# Monad

Monad is an actively used design pattern created in 1980. In functional programming, a monad is a design pattern that allows structuring programs generically while automating away boilerplate code needed by the program logic. Monads achieve this by providing their own data type, which represents a specific form of computation, along with one procedure to wrap values of any basic type within the monad (yielding a monadic value) and another to compose functions that output monadic values (called monadic functions).This allows monads to simplify a wide range of problems, like handling potential undefined values (with the Maybe monad), or keeping values within a flexible, well-formed list (using the List monad). With a monad, a programmer can turn a complicated sequence of functions into a succinct pipeline that abstracts away auxiliary data management, control flow, or side-effects.Both the concept of a monad and the term originally come from category theory, where it is defined as a functor with additional structure. Read more on Wikipedia...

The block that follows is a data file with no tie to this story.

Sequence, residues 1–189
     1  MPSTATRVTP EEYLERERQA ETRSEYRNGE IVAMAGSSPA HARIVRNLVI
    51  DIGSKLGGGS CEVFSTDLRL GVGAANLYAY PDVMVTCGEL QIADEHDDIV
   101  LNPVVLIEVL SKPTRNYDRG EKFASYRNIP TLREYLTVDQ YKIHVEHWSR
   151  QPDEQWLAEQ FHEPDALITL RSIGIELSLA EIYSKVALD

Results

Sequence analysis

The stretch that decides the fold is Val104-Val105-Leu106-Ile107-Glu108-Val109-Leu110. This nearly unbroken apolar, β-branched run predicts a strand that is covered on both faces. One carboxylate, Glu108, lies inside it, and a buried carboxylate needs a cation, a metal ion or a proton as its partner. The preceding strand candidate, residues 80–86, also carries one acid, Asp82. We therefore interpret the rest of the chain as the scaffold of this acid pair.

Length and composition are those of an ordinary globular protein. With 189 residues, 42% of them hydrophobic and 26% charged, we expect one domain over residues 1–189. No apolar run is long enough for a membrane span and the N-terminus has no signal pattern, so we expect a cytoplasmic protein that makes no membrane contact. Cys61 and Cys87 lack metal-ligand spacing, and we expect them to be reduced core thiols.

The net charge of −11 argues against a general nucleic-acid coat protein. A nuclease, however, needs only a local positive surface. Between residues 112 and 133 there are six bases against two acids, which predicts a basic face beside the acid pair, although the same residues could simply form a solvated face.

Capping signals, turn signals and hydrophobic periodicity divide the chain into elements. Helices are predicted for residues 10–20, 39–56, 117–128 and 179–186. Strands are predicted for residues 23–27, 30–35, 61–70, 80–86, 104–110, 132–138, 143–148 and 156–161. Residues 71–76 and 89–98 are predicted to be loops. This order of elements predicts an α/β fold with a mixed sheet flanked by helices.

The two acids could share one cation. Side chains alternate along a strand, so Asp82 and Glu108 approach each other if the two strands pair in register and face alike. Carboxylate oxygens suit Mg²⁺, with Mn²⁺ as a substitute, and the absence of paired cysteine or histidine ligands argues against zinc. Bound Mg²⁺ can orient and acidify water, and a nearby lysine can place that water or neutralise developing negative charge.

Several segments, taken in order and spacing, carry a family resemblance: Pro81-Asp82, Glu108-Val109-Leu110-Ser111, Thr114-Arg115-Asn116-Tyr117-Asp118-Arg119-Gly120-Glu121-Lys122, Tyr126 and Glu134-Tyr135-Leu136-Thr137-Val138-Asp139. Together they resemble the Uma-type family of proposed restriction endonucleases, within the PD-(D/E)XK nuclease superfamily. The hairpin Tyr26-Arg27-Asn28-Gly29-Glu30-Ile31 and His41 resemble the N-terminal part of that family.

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- Monad ranks in the top 50% of entities I track
- the Monad wikipedia page
- Monad first appeared in 1980
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Languages **with** Monad include haskell

### Example from haskell:

-- https://stackoverflow.com/questions/44965/what-is-a-monad parseExpr = parseString <|> parseNumber parseString = do char '"' x <- many (noneOf "\"") char '"' return (StringValue x) parseNumber = do num <- many1 digit return (NumberValue (read num))

Last updated November 21st, 2019